As the program currently exists, however, new QOZs can’t be created. However, a President Biden administration could facilitate changes to the initiative, such as implementing stronger reporting requirements and putting into place provisions that increase transparency.
For additional information about the Opportunity Zones program and how you might be able to participate, contact Realized Holdings by logging on to www.realized.com, or calling 877.797.1031.
There are material risks associated with investing in QOZ properties and real estate securities including liquidity, tenant vacancies, general market conditions and competition, lack of operating history, interest rate risks, the risk of new supply coming to market and softening rental rates, general risks of owning/operating commercial and multifamily properties, short term leases associated with multi-family properties, financing risks, potential adverse tax consequences, general economic risks, development risks, long hold periods, and potential loss of the entire investment principal.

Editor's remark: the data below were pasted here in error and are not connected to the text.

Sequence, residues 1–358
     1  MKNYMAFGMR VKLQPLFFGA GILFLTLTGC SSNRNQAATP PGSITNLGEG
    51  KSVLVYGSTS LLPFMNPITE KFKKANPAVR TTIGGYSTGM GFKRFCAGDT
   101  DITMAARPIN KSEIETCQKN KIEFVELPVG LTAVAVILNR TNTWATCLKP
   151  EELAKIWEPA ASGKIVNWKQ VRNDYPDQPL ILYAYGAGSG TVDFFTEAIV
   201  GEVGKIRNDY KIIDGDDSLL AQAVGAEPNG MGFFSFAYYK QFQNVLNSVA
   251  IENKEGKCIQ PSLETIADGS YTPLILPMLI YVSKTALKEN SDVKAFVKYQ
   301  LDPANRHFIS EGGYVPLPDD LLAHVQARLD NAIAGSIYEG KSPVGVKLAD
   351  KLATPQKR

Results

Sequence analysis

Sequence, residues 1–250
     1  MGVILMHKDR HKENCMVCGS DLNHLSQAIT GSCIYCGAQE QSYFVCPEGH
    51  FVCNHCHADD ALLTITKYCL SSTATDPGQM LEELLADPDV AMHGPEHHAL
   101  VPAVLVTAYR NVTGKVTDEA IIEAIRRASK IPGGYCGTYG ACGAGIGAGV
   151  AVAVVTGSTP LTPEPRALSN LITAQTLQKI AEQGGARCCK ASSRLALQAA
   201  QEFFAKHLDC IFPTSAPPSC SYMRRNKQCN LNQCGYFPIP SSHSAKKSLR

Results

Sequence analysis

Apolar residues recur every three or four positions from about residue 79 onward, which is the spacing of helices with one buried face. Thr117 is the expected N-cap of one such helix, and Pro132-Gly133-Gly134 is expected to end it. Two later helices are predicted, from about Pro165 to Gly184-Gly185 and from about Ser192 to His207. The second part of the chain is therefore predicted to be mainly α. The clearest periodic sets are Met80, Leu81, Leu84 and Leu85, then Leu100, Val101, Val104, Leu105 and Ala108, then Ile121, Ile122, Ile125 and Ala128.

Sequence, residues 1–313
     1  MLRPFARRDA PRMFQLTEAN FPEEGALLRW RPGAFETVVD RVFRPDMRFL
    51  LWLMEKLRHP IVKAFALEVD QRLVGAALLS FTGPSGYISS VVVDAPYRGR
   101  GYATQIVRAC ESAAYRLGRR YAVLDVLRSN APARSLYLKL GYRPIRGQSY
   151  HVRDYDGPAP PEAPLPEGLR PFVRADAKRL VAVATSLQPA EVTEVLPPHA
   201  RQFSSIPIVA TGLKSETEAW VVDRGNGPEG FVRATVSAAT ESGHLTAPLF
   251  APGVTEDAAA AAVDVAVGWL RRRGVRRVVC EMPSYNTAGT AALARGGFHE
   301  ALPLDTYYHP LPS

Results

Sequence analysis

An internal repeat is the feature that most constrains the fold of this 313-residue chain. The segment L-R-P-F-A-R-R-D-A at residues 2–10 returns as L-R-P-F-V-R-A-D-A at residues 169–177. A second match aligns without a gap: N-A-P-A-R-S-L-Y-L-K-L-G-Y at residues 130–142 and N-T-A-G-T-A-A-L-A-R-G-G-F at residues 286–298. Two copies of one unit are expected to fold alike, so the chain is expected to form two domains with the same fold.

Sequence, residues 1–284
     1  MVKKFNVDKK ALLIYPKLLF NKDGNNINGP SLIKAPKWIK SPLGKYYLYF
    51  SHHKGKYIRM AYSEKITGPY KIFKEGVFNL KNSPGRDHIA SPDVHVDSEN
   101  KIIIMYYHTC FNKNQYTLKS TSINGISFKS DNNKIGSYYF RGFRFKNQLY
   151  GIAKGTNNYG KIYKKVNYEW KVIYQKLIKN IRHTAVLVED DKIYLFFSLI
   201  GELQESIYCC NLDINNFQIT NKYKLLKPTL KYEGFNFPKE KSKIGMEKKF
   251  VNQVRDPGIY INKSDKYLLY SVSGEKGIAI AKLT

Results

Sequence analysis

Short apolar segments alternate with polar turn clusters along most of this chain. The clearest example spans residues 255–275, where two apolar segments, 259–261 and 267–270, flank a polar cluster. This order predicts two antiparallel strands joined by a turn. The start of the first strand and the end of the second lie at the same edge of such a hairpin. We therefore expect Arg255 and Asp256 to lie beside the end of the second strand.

Past performance is not a guarantee of future results. Potential cash flow, returns and appreciation are not guaranteed. IRC Section 1031 is a complex tax concept; consult your legal or tax professional regarding the specifics of your particular situation.
This is not a solicitation or an offer to sell any securities. There is no guarantee that the investment objectives of any particular program will be achieved.